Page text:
The British used to have a phrase, one similar to welshed or Dutch treat. This phrase has all but vanished, possibly owing to some Britannic pangs of guilt. But now I summon it back. The phrase is Irishly and I stick it onto the latest effort of Bret Stephens, columnist for the New York Times. His piece opens with a funny story about an old rabbi trying to understand a game of soccer. The old fellow watches and puzzles, and then announces that obviously each team ought to have its own ball. “Give one ball to each side, and they will have nothing to fight over,” the rabbi says Irishly.
Pixilated would be the term for an Irishman who delivered that line. But Stephens adopts a different angle. “The Secrets of Jewish Genius” isn’t a book of financial tips for the Japanese market. It’s 800 words on why the Jews are better at thinking than anyone else. At first Stephens allowed Jews an edge in sheer smartness, or what he called “thinking better.” He cited a scientific study to that effect. Then, after publication of his column, somebody discovered that one author of the study was an avowed racist. Stephens or his editors took steps and the column is now free of any musing about inherited IQ. To give the fellow credit, the column’s chief point was always something else. “Jews might have a marginal advantage over their gentile peers when it comes to thinking better,” Stephens wrote. “Where their advantage more often lies is in thinking different.” And here we come to the Irish-minded rabbi, the man who sees things a little bit differently. As before, the column lists possible reasons for the alleged difference, with these reasons growing out of experience and upbringing, not genetics.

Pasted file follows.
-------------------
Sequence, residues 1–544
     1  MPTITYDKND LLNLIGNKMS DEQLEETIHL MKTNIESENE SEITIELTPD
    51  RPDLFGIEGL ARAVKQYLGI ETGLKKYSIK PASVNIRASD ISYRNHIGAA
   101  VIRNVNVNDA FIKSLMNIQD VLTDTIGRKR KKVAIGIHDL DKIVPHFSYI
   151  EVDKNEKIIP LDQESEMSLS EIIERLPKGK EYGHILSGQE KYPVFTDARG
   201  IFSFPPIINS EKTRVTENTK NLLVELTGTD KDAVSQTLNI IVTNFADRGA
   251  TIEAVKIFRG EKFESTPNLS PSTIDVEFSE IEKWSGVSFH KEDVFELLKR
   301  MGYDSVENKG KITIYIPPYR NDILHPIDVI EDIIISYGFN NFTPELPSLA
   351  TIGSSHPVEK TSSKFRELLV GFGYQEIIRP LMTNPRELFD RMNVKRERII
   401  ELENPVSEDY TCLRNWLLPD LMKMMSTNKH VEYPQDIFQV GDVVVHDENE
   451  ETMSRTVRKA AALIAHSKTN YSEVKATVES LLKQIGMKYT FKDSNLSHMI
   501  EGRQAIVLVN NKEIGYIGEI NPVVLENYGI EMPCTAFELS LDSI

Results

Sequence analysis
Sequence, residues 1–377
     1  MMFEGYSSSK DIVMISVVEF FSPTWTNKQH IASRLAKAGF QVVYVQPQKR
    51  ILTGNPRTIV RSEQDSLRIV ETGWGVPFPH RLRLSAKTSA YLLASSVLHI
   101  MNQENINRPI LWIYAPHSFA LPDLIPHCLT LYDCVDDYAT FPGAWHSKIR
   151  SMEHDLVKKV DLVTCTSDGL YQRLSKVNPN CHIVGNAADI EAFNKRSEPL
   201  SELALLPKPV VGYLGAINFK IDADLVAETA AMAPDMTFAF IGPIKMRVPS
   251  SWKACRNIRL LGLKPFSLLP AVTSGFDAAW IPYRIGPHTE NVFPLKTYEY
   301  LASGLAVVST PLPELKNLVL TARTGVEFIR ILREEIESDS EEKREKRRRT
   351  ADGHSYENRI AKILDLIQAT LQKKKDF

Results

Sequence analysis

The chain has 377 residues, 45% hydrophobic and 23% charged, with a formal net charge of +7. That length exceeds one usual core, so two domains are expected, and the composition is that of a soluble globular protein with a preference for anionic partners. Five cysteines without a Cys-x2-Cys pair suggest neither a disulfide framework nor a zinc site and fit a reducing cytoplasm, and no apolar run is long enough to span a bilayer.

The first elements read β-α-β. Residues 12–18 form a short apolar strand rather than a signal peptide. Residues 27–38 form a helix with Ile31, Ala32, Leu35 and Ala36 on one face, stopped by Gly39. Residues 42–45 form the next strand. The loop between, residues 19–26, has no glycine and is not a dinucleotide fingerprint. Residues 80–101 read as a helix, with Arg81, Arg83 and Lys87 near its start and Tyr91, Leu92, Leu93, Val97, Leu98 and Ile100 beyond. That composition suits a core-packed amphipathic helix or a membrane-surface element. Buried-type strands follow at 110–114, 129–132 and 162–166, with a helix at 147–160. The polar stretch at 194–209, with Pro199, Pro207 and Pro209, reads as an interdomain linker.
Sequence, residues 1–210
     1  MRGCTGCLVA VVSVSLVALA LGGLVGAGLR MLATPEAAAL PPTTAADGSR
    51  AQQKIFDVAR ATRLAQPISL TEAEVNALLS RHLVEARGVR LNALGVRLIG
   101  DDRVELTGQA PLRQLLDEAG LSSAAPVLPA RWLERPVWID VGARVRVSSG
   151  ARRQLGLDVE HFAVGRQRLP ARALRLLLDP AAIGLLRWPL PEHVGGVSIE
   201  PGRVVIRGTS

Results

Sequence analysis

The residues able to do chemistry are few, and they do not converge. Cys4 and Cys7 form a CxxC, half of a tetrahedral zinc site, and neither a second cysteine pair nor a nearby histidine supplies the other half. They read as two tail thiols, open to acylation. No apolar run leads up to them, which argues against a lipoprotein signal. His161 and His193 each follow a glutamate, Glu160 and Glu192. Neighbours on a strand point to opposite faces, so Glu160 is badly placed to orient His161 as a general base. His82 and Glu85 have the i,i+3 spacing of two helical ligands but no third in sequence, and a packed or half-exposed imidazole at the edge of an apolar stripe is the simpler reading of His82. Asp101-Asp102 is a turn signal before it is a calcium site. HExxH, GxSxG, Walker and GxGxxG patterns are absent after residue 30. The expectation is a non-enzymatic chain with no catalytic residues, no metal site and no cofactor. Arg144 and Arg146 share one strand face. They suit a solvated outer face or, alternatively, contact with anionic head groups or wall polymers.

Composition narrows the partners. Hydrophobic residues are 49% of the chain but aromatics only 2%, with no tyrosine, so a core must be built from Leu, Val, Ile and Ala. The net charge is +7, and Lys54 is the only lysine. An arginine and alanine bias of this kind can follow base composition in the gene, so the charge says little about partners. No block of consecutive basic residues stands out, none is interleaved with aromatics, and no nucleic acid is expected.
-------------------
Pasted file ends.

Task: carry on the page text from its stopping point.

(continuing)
The causes do sound plausible. The problem is finding some effects to go with them. Before proceeding I should make clear that I have a Jewish mother and gentile father. I’m not an Israel fan and know little about Judaism or Jewish history. Ben Shapiro would call me a Jew in name only. But I’m more Jewish than most people and have known hundreds of Jews in my life, many of them relatives. There are traits that, it seems to me, recur throughout the series of anecdotes running beneath my views on Jewishness. I suppose mental deftness (“thinking better”) might get onto the list. But mental flexibility, the ability to set aside your preconceptions and look again, does not. It’s nowhere close. I doubt that it is for any racial, religious, or ethnic group.
Not even the rabbi has that trait. He may see a game of soccer differently than the players. But, if I may put things Irishly, he doesn’t see it differently than the way he sees it. That is, he can’t get it through his head that the game is a game—which is something he’s unfamiliar with—and not some other thing that he is familiar with, in this case a struggle for possession. I hasten to say that anybody might be familiar with a struggle for possession. I don’t claim that it’s especially a matter for Jews. I do say the rabbi seems like a stiff-head. He makes no attempt at turning his preconceptions around. Instead he decides that everyone else is confused and he must straighten them out. I love the announcement he gives prior to the story’s punchline. “I have solved your problem,” he says. There wasn’t any problem and he has no solution. He’s mentally hidebound, stuck on his own importance, and rather careless. Next thing he’ll have a column at the New York Times.
—Follow C.T. May on Twitter: @CTMay3